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Reviews Written by
shelagh@pworsell.freeserve.co.uk (Bournemouth, England)

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Bad Land
Bad Land
by Jonathan Raban
Edition: Paperback
Price: £12.99

2 of 3 people found the following review helpful
5.0 out of 5 stars 5-star rating based on the interest in one of the characters, 9 Jun. 2002
This review is from: Bad Land (Paperback)
The emigrants travelling at the turn of the century across America, but by train and not wagon, was different to the usual stories. Apart from my love of the tales of the settlers, my particular interest (and 5-star rating) for "Bad Land" was because of Worsell. Am now investigating if he is or was a long lost cousin of my husband's family. I dont really know whether we wish him to be kin or not - but he must depict the type and lifestyle of many emigrants trying to escape from poor living in their homelands and possibly avoiding punishment of some kind. Worsell adds an interesting flavour to the book and despite all the negative things about him, he was a proud man.
The book is full of gems and a number of the families that were named must still have their descendants living on the same land, in this modern world, possibly not such a harsh living as before, but all credit their stability and the hard labour which was obvious of their ancestors.


The Lady Chapel: An Owen Archer Mystery: A Medieval Murder Mystery (Owen Archer Mysteries 02)
The Lady Chapel: An Owen Archer Mystery: A Medieval Murder Mystery (Owen Archer Mysteries 02)
by Candace Robb
Edition: Paperback
Price: £8.99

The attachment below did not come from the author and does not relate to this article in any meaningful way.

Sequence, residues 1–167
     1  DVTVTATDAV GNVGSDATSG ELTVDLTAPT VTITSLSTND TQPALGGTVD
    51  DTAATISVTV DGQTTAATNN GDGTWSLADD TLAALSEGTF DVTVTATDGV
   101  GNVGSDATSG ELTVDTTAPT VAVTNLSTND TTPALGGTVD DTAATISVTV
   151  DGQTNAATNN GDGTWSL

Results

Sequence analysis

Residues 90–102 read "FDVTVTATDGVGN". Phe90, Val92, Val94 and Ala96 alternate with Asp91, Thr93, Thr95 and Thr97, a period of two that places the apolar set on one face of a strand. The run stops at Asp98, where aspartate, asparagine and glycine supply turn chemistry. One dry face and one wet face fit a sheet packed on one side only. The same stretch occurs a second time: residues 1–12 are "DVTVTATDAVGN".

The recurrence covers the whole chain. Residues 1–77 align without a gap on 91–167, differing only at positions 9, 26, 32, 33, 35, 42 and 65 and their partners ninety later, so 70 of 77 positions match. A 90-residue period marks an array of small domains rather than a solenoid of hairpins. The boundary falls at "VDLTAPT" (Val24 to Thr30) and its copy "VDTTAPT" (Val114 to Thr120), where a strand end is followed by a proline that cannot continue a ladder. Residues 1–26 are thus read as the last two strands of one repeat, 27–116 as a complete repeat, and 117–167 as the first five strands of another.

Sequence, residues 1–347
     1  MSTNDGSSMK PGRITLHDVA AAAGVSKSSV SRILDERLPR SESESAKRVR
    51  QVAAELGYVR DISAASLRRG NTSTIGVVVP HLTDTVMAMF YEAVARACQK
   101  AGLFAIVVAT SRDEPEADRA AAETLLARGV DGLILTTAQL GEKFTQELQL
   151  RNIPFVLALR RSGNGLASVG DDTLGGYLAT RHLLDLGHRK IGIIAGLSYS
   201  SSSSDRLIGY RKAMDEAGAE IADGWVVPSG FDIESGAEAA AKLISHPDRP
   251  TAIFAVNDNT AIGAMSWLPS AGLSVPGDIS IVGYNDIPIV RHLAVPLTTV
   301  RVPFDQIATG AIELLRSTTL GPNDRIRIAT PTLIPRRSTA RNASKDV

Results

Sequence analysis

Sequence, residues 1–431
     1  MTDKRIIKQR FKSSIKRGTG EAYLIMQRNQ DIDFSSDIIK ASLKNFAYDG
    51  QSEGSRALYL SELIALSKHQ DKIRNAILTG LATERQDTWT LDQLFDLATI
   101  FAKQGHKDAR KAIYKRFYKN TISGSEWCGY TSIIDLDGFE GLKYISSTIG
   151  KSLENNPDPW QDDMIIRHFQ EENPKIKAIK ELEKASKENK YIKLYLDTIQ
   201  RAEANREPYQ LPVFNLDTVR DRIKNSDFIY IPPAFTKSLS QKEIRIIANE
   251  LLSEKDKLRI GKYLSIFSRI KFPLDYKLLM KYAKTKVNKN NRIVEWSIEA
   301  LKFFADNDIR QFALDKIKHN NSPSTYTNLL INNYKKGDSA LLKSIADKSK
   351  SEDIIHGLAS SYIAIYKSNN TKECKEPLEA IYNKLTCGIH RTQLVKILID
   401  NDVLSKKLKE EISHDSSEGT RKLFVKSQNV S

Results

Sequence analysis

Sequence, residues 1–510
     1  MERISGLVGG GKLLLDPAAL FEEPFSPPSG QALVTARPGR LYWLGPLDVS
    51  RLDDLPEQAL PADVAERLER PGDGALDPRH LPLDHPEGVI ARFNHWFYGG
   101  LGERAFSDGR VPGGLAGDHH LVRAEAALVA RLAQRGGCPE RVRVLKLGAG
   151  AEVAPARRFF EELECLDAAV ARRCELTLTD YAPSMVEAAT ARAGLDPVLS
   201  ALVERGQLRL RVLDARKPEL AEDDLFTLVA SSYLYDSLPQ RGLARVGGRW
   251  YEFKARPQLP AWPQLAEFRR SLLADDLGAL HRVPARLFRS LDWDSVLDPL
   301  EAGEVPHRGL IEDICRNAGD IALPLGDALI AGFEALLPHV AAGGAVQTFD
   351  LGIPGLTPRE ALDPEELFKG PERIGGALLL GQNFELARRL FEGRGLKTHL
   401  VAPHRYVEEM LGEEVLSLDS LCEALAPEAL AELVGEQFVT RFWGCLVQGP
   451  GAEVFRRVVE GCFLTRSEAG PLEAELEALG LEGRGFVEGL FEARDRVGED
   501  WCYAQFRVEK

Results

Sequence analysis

9 of 20 people found the following review helpful
5.0 out of 5 stars The Lady's Chapel by Candace Robb, 29 Mar. 2002
Have discovered this book at a Charity Shop. My usual reading is by Larry McMurtry, James A. Michener and any historical items of the American West also any good stories about Merlin and King Arthur. I have just finished The Ladys Chapel and thoroughly enjoyed the complexities of its story line which I believe is based on historical fact. Candace Robb has made it even more interesting by the use of good characterisation in conversation of the various people. I am now going to buy another of her books and look forward to another enjoyable read.


Oscar and Lucinda
Oscar and Lucinda
by Peter Carey
Edition: Paperback

6 of 8 people found the following review helpful
5.0 out of 5 stars a modern day charles dickens, 18 Oct. 2001
This review is from: Oscar and Lucinda (Paperback)
Description of places and people are so clearly defined one would recognise the places when passing through them and the people if passing them in the street.
The habits and mannerisms of Oscar and Lucinda are believable, although so different from normal human contacts.
The way the story evolves with the two eventually meeting is so well done and is unique inasmuch one knows what Lucinda and Oscar were doing at the same time before they met. A remarkable way to bring a story together.
I loved this book and enjoyed the descriptions, which at times in books, tends to bore one.
Well done, Peter Carey, on achieving another Booker prize in 2001 with 'Ned Kelly'. Have ordered it and looking forward to its receipt.


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